50 Years Later, Horror of Babi Yar Is Recalled : Soviet Union: One woman tells how she survived as ceremony marks the massacre of Jews by Nazis.


Raisa G. Dashkevich stood Sunday at the edge of the ravine known as Babi Yar where she had stood exactly 50 years before when Nazi soldiers were executing tens of thousands of Jews.

“The closer I get to the ravine, the stronger I feel,” the 75-year-old retired accountant said as tears streamed down her face. “The whole tragedy goes before my eyes like a movie.”

She recalled that she clasped her 3-year-old son to her breast and accepted that their lives were over. Then she heard machine-gun fire. But before the bullets reached her, she fainted and fell about 100 feet into the pit. She awoke in a pile of thousands of bodies and, miraculously, crawled out alive.

Now, 50 years later, white-haired but still young at heart, Dashkevich was among thousands of people who flocked to Babi Yar to mark the tragedy’s anniversary.


A requiem played over a loudspeaker as they gathered around a new bronze menorah installed at the ravine to mark where the Nazis killed 33,741 Jews in two days, just nine days after they occupied Kiev during World War II.

The Nazis kept killing Jews--along with Gypsies, war criminals, Communists and others--at the ravine over the next two years, until the Soviet army regained control of Kiev. They stopped keeping count after the first several days, but estimates of the number of people killed at Babi Yar are as high as 200,000.

The mass executions at Babi Yar have long been regarded as one of the Nazis’ most barbaric acts of the Holocaust. And even two decades after the tragedy, the Soviet government had not marked the site, an omission denounced by Yevgeny Yevtushenko in his famous poem “Babi Yar”:

“The wild grasses rustle over Babi Yar. The trees look ominous, like judges. Here all things scream silently, and, baring my head, slowly I feel myself turning gray. And I myself am one massive, soundless scream above the thousand thousand buried here. I am each old man here shot dead. I am every child here shot dead. Nothing in me shall ever forget! The ‘Internationale’ let it thunder when the last anti-Semite is buried forever.”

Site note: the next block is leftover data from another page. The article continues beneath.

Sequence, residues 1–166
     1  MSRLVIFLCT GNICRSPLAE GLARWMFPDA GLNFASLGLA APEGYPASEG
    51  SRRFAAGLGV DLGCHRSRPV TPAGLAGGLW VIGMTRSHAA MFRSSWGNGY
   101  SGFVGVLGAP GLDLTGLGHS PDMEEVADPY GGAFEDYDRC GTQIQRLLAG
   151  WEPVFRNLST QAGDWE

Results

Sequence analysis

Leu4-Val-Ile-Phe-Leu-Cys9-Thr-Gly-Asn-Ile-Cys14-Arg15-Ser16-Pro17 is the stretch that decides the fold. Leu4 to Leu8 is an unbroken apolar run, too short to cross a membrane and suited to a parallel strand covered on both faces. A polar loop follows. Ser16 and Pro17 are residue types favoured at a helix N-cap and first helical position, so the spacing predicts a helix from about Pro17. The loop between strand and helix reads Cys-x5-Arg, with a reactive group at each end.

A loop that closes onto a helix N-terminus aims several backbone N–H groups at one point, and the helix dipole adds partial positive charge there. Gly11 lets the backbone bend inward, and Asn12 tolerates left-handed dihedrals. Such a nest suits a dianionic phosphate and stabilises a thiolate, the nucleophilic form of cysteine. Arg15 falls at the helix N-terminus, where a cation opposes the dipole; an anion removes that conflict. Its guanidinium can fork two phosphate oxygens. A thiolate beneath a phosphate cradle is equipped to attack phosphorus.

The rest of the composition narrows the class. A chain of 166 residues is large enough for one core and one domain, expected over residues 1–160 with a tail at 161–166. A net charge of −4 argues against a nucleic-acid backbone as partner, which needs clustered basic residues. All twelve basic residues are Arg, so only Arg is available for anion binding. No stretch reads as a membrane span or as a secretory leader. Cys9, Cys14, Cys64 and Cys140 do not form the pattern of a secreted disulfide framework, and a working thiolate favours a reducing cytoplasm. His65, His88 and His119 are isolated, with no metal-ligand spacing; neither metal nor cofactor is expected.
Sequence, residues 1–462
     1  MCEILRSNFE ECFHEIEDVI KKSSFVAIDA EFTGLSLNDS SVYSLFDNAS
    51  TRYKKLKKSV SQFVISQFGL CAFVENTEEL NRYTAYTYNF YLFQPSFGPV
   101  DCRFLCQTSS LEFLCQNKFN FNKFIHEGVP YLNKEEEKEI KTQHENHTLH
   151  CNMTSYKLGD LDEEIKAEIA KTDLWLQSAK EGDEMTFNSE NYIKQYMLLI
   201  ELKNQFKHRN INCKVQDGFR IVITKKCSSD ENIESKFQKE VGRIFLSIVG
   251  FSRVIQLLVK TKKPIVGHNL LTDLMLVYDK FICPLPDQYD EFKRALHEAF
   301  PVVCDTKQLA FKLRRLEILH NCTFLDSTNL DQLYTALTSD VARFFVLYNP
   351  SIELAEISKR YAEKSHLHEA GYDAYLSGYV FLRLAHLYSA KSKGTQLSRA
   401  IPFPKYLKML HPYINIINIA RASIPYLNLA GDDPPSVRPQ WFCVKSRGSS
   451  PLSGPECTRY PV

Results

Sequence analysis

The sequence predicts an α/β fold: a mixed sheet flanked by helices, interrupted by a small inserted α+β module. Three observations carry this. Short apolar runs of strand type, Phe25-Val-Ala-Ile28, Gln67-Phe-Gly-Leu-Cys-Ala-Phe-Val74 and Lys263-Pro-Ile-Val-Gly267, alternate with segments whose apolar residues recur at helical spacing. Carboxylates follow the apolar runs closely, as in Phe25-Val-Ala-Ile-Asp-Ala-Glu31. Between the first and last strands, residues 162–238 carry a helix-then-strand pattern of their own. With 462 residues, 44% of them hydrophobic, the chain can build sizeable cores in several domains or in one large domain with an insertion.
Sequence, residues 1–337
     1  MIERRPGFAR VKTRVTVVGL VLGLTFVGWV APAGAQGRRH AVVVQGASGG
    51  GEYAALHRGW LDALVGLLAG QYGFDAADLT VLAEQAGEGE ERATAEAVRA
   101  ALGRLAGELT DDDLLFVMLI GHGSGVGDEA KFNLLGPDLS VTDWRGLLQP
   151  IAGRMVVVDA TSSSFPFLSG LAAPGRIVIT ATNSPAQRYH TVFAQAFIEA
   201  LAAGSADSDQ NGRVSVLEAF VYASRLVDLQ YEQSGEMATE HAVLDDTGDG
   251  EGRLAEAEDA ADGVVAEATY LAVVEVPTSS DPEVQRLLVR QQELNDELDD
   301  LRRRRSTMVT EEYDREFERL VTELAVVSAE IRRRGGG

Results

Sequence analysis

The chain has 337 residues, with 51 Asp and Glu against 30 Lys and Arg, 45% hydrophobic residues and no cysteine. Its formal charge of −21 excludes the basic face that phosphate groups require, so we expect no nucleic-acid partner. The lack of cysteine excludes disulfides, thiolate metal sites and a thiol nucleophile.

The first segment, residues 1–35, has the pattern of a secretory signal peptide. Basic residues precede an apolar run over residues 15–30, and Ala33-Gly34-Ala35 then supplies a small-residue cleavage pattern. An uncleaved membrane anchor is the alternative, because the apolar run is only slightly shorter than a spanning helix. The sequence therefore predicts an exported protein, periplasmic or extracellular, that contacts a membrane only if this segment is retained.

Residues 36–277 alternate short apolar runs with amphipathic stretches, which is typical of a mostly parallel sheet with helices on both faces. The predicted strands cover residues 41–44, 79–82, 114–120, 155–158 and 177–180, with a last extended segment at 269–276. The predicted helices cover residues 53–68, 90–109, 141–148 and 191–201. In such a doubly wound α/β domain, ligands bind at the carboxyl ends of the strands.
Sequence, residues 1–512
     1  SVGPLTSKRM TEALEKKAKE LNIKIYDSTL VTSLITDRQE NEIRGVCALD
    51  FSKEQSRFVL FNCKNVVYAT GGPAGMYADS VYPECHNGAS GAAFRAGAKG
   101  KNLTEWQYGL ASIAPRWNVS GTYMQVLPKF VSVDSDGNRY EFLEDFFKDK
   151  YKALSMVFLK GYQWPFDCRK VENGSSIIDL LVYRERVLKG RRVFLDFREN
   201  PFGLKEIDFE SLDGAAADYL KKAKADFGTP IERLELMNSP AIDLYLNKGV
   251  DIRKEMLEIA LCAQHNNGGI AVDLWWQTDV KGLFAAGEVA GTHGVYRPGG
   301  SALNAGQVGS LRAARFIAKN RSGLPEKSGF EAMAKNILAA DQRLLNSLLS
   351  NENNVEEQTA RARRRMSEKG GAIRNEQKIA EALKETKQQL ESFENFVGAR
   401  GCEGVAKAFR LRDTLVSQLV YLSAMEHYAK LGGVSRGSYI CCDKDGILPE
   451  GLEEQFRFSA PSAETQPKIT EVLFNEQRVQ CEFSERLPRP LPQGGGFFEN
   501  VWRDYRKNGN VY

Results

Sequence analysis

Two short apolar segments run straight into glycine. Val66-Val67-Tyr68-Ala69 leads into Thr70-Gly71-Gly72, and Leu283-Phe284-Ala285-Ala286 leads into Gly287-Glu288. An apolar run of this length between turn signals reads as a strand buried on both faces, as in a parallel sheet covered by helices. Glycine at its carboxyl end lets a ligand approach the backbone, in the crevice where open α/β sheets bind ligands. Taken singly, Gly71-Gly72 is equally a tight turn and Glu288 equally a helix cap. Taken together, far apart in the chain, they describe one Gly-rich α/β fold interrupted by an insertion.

Then, in 1966, a bold Soviet-style statue was raised in honor of those who died at Babi Yar. But it is about half a mile from the actual site of the tragedy. Featuring muscular young sailors, it fails to recognize that Jews more than any other group perished here.

“The monument is all wrong,” Dashkevich said as she attended a ceremony there earlier in the day. “It shows people ready to fight. But we could not fight--we were like cattle on the way to slaughter.”

With most able-bodied men at the front, the Jews who abandoned their homes and walked, hobbled or were carried to their deaths on Sept. 29, 1941, were mainly children, women, elderly people and invalids.

“There were so many Jews in Kiev at the time,” Dashkevich said, “that from all the streets and alleys came streams of people who joined together to make a big river of people flowing toward Babi Yar.”


They had been ordered to gather at an intersection not far from the Jewish cemetery. Like most of the rest of the Jews in the city, Dashkevich thought they would be put on trains and taken to a ghetto.

Together with 15 relatives--including her son, parents and three sisters--she made the 10-mile walk across the city to the wooded area surrounding Babi Yar.

“As soon as we got close, we could hear the sound of machine guns,” Dashkevich recalled, choking back emotion. “By that time, we knew there was no turning back. We knew we were going to our deaths.”

At the cemetery, German soldiers and Ukrainian police forced their victims to strip and beat them with nightsticks.


“I remember how people screamed, went out of their minds and pulled out their hair,” she said. “There were cries of children, moans of old people and screams of mothers as their babies were snatched from their arms and flung into the ravine alive.”